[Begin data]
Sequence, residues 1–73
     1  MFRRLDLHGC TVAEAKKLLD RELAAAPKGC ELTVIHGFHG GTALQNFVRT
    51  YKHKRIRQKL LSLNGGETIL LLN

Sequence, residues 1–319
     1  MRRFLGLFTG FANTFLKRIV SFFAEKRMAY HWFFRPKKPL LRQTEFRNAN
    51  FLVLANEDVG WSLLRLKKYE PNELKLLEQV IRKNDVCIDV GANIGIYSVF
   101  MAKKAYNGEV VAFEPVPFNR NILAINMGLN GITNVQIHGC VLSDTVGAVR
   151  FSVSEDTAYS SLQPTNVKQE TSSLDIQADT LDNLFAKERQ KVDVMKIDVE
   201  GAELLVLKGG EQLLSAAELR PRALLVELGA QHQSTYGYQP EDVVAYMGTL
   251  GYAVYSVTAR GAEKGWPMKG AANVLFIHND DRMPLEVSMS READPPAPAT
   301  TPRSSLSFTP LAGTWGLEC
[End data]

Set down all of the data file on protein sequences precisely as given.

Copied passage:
Sequence, residues 1–73
     1  MFRRLDLHGC TVAEAKKLLD RELAAAPKGC ELTVIHGFHG GTALQNFVRT
    51  YKHKRIRQKL LSLNGGETIL LLN

Sequence, residues 1–319
     1  MRRFLGLFTG FANTFLKRIV SFFAEKRMAY HWFFRPKKPL LRQTEFRNAN
    51  FLVLANEDVG WSLLRLKKYE PNELKLLEQV IRKNDVCIDV GANIGIYSVF
   101  MAKKAYNGEV VAFEPVPFNR NILAINMGLN GITNVQIHGC VLSDTVGAVR
   151  FSVSEDTAYS SLQPTNVKQE TSSLDIQADT LDNLFAKERQ KVDVMKIDVE
   201  GAELLVLKGG EQLLSAAELR PRALLVELGA QHQSTYGYQP EDVVAYMGTL
   251  GYAVYSVTAR GAEKGWPMKG AANVLFIHND DRMPLEVSMS READPPAPAT
   301  TPRSSLSFTP LAGTWGLEC